Posted on Fri, Jan. 13, 2006
Willis, Soriano file for arbitration
MIKE FITZPATRICK / Associated Press
Dontrelle Willis, Mark Teixeira and Alfonso Soriano were among the 100 players who filed for salary arbitration on Friday, the often acrimonious negotiating process that rankles baseball management every winter.
Mark Prior, Josh Beckett, Brad Lidge, Adam Dunn, Morgan Ensberg, Brian Roberts and Scot Shields were some of the other stars who filed before Friday's deadline. Players will exchange proposed salaries with their teams on Tuesday.
Willis is one of the few established big leaguers left on the Florida Marlins, who have cut about $47 million in 2006 payroll after starting last season at $60 million.
Eligible for arbitration for the first time, the charismatic left-hander should have a strong case after going 22-10 with a 2.63 ERA last season, when he made only $378,500. He led the majors in wins and was runner-up to St. Louis' Chris Carpenter for the NL Cy Young Award.
Teixeira, eligible for arbitration for the first time as well, is coming off a huge season for the Texas Rangers and also figures to get a hefty raise from the $3,675,000 he earned last year. The switch-hitting first baseman batted .301 with 43 homers and 144 RBIs.
Soriano was traded from Texas to Washington last month, and the Nationals would like to move the All-Star second baseman to a different position. He wants to stay at second.
After earning $7.5 million last year, Soriano is likely to make about $10 million this year. He can become a free agent after next season.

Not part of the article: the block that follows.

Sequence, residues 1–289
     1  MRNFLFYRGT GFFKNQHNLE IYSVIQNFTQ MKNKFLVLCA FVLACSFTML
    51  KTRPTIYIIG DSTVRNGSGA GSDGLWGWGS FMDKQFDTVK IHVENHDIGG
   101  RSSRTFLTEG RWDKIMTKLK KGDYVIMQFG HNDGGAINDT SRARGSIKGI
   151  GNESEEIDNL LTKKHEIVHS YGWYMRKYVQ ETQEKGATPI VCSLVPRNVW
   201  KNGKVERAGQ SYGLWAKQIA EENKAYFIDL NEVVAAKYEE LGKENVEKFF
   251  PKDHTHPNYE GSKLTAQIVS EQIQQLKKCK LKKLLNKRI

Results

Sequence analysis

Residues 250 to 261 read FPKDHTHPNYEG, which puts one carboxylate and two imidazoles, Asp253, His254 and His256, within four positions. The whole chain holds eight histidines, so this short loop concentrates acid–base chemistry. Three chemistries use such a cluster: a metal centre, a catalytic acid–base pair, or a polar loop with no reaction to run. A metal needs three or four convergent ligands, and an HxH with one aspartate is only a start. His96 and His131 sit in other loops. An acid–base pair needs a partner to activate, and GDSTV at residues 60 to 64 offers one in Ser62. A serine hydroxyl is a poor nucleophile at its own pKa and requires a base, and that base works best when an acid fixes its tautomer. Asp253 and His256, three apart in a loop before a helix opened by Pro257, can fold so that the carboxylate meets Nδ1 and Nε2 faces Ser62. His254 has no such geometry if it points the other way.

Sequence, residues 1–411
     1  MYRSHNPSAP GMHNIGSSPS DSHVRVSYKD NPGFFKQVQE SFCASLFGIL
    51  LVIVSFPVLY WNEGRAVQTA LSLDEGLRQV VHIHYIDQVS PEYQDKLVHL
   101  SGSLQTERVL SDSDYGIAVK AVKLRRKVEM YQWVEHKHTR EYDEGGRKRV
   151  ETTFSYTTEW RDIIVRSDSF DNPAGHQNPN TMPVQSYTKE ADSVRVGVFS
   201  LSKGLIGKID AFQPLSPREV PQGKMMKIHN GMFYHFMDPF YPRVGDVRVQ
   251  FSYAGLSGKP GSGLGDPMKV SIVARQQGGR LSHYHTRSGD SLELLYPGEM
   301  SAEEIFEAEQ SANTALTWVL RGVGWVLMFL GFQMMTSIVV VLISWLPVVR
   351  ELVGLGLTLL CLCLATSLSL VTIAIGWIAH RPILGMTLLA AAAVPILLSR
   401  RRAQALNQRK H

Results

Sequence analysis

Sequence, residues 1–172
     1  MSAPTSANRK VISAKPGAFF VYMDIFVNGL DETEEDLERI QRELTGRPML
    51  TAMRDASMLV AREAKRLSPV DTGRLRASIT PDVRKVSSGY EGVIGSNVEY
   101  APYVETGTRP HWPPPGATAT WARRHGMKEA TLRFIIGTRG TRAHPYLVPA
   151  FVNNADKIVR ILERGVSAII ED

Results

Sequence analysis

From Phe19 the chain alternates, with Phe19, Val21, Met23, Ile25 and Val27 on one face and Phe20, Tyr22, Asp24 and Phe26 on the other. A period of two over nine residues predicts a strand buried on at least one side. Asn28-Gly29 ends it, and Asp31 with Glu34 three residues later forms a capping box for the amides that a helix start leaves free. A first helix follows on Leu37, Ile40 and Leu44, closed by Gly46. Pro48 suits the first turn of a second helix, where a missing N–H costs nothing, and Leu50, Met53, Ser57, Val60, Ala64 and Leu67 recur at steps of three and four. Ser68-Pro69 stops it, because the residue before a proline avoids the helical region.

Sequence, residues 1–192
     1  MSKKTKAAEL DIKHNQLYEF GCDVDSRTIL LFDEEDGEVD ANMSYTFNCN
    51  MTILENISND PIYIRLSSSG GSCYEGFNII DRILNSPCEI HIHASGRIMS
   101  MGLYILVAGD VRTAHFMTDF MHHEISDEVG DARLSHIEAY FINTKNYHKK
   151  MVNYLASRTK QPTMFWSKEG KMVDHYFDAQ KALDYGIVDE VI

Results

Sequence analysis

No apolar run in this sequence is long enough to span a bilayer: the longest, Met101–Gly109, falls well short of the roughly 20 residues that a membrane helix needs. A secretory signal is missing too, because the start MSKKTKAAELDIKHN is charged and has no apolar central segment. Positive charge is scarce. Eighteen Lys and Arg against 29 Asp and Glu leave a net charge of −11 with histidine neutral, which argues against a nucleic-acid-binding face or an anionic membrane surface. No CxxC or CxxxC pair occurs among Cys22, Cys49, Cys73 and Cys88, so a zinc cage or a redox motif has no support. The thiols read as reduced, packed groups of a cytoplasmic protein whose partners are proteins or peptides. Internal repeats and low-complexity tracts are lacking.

Tampa Bay first baseman Travis Lee became a free agent after last season and accepted arbitration, so he will be back with the Devil Rays. The other players in arbitration all have less than six years of major league service.
Many baseball owners dislike arbitration because it forces them to pay their players as much as comparable players on other teams.
Though 100 players are in arbitration, many are expected to agree to contracts before the scheduled swap of proposed salaries.
Relief pitcher Luis Vizcaino and the Diamondbacks avoided arbitration by agreeing to a $1,775,000, one-year contract Friday before the union submitted the filings. Arizona and No. 1 starter Brandon Webb also agreed on a $19.5 million, four-year deal, locking up the sinkerball specialist through his arbitration years.
"I've worked with the pitching staff and the coaching staff and really honed in on what kind of pitcher I am," Webb said. "I just feel I can progress every year and get better."
Webb's contract includes an $8.5 million club option for 2010 with a $500,000 buyout.
"Brandon has certainly earned this contract," Diamondbacks general manager Josh Byrnes said. "His three years thus far have been tremendous. He's really one of the more unheralded elite pitchers in baseball.
"This is the type of contract a club doesn't have to do," Byrnes said. "We had Brandon under control through arbitration for four more years, but it is something we wanted to do."
Byrnes, hired last October, said it's important to get long-term deals in place for a team's core players to give them security and the club some cost certainty.
"It really helps accelerate the decision-making process and the building process," Byrnes said.
Two pitchers got new deals after filing: Colorado right-hander Aaron Cook and Seattle reliever Julio Mateo. They were still on the arbitration list because their deals were pending physicals.
Cook got a $4.55 million, two-year contract on Friday with a club option for 2008. Mateo and the Mariners agreed Thursday to a $1,875,000, two-year deal.
Only three cases went to hearings last year, the fewest since arbitration began in 1974. Owners went 2-1 for their ninth straight winning record (Minnesota pitcher Kyle Lohse was the lone player to win) and lead players 265-198 overall.
Last year, players in arbitration averaged a 123 percent increase. Dunn got the steepest raise, from $445,000 to $4.6 million with Cincinnati.